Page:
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Authors and contributors

 Carmen Ochoa Marieta
Carmen Ochoa Marieta
MD, PhD, MSc
Gynecologist
Bachelor's Degree in Medicine from the Basque Country University. PhD in Medicine & Surgery from the University of Murcia. Currently, she is the director of the Assisted Reproduction Unit of Centro de Estudios para la Reproducción (CER SANTANDER) in Santander, Spain, as well as the director of the Diagnostic Unit of Human Assisted Reproduction in Bilbao. More information about Carmen Ochoa Marieta
License: 484805626
 Cristina Mestre Ferrer
Cristina Mestre Ferrer
BSc, MSc
Embryologist
Bachelor's Degree in Biological Sciences, Genetics & Human Reproduction from the University of Valencia (UV). Master's Degree in Biotechnology of Human Assisted Reproduction from the UV and the Valencian Infertility Institute (IVI). Embryologist at IVI Barcelona. More information about Cristina Mestre Ferrer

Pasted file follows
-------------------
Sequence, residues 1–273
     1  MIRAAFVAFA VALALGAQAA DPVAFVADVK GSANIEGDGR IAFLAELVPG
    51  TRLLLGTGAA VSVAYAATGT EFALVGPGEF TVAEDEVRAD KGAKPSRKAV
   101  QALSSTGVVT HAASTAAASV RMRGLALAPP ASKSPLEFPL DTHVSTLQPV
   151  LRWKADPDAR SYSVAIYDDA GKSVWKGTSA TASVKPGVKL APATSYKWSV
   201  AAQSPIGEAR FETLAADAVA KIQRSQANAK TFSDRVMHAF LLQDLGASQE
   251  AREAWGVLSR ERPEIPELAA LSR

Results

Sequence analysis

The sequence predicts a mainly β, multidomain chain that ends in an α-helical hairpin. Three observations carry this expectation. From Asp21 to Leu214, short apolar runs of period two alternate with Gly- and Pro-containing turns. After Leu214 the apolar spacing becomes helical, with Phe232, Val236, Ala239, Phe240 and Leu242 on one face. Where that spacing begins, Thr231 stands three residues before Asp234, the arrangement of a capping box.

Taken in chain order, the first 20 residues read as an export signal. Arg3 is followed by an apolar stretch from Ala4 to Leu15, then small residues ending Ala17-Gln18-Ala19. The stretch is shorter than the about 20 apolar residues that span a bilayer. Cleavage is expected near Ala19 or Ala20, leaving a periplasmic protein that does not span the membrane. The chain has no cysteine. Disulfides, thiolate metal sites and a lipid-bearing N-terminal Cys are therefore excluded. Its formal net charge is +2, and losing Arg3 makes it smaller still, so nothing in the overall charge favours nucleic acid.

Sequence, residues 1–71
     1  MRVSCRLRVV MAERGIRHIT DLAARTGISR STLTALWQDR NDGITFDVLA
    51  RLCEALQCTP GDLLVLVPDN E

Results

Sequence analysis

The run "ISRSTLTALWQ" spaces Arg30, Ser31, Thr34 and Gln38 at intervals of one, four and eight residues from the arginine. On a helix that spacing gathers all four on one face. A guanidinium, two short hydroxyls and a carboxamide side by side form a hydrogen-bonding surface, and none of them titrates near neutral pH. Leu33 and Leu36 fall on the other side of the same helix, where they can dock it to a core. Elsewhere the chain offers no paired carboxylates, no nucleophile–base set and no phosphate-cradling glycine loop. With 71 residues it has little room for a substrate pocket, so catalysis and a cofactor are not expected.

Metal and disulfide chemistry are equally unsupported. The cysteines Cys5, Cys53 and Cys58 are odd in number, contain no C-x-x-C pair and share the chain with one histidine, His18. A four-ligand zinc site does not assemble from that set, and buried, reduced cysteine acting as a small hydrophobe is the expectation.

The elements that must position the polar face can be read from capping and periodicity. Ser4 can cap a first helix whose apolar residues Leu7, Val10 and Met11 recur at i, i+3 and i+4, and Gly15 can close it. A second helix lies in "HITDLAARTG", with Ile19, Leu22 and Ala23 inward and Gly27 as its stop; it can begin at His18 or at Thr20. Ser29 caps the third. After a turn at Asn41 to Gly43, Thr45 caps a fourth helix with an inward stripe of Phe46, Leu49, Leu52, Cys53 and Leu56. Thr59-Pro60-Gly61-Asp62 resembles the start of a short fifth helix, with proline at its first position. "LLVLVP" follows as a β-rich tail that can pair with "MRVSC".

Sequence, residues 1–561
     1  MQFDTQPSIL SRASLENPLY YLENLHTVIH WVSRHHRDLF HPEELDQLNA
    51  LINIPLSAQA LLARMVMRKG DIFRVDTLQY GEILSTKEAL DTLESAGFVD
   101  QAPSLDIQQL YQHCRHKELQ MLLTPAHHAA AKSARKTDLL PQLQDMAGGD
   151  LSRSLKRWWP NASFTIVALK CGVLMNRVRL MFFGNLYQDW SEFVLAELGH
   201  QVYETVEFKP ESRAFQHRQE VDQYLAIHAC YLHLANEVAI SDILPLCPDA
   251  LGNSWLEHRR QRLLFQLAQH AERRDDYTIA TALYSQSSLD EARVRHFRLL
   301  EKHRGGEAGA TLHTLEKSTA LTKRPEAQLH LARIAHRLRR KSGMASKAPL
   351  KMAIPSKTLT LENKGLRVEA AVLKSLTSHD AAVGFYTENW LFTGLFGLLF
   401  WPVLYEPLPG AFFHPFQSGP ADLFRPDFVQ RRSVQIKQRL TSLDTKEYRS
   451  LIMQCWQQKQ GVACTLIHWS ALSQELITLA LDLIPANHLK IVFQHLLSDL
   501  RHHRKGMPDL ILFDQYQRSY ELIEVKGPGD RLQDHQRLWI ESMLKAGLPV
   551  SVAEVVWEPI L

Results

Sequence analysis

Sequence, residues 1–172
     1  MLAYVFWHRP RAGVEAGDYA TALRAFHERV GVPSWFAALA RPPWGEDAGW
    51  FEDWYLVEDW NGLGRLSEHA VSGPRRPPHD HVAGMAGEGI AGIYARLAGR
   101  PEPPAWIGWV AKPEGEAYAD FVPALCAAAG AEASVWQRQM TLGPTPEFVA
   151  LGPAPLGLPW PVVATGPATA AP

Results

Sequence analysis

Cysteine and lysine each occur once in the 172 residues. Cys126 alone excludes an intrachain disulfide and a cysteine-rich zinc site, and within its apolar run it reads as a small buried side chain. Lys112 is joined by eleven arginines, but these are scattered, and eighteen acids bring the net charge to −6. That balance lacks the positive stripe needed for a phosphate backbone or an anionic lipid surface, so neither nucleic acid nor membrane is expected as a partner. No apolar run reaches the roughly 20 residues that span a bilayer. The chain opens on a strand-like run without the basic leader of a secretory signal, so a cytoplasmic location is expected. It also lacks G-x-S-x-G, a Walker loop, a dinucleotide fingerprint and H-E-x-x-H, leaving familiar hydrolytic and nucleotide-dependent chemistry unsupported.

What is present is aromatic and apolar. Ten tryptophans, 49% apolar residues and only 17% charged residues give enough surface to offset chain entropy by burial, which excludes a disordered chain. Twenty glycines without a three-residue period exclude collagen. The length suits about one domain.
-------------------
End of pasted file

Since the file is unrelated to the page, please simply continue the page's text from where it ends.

María Eugenia Ballesteros Moffa
María Eugenia Ballesteros Moffa
MD, MSc, BSc
Gynecologist
Bachelor's Degree in Medicine and Surgery from the University of Zaragoza, specialized in Obstetrics and Gynecology. She has a long career as a specialized gynecologist in assisted reproduction and is also an associate professor in the Department of Surgery, Gynecology and Obstetrics at the University of Zaragoza. More information about María Eugenia Ballesteros Moffa
License: 5010696
 Marta Barranquero Gómez
Marta Barranquero Gómez
Embryologist
Graduated in Biochemistry and Biomedical Sciences by the University of Valencia (UV) and specialized in Assisted Reproduction by the University of Alcalá de Henares (UAH) in collaboration with Ginefiv and in Clinical Genetics by the University of Alcalá de Henares (UAH). More information about Marta Barranquero Gómez
License: 3316-CV
Adapted into english by:
 Romina Packan
Romina Packan
inviTRA Staff
Editor and translator for the English and German edition of inviTRA. More information about Romina Packan